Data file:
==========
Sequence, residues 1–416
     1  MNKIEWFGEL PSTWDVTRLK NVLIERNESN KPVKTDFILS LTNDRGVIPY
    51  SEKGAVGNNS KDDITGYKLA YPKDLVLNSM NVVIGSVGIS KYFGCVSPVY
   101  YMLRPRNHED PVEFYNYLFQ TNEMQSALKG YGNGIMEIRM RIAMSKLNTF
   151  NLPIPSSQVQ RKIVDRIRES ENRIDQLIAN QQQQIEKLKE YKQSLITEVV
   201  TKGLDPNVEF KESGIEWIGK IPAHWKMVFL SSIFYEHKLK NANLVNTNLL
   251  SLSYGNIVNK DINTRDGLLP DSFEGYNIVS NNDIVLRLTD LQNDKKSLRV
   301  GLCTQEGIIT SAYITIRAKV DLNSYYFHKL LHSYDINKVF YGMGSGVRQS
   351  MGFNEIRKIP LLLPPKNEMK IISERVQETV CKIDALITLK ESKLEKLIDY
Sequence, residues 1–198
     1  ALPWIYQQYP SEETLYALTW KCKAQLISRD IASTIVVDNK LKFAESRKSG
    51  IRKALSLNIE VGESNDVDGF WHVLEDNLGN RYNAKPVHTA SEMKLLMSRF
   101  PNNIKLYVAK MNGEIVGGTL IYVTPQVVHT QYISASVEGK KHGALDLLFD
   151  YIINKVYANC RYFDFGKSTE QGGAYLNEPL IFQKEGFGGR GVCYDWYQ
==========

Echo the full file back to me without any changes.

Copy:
Sequence, residues 1–416
     1  MNKIEWFGEL PSTWDVTRLK NVLIERNESN KPVKTDFILS LTNDRGVIPY
    51  SEKGAVGNNS KDDITGYKLA YPKDLVLNSM NVVIGSVGIS KYFGCVSPVY
   101  YMLRPRNHED PVEFYNYLFQ TNEMQSALKG YGNGIMEIRM RIAMSKLNTF
   151  NLPIPSSQVQ RKIVDRIRES ENRIDQLIAN QQQQIEKLKE YKQSLITEVV
   201  TKGLDPNVEF KESGIEWIGK IPAHWKMVFL SSIFYEHKLK NANLVNTNLL
   251  SLSYGNIVNK DINTRDGLLP DSFEGYNIVS NNDIVLRLTD LQNDKKSLRV
   301  GLCTQEGIIT SAYITIRAKV DLNSYYFHKL LHSYDINKVF YGMGSGVRQS
   351  MGFNEIRKIP LLLPPKNEMK IISERVQETV CKIDALITLK ESKLEKLIDY
Sequence, residues 1–198
     1  ALPWIYQQYP SEETLYALTW KCKAQLISRD IASTIVVDNK LKFAESRKSG
    51  IRKALSLNIE VGESNDVDGF WHVLEDNLGN RYNAKPVHTA SEMKLLMSRF
   101  PNNIKLYVAK MNGEIVGGTL IYVTPQVVHT QYISASVEGK KHGALDLLFD
   151  YIINKVYANC RYFDFGKSTE QGGAYLNEPL IFQKEGFGGR GVCYDWYQ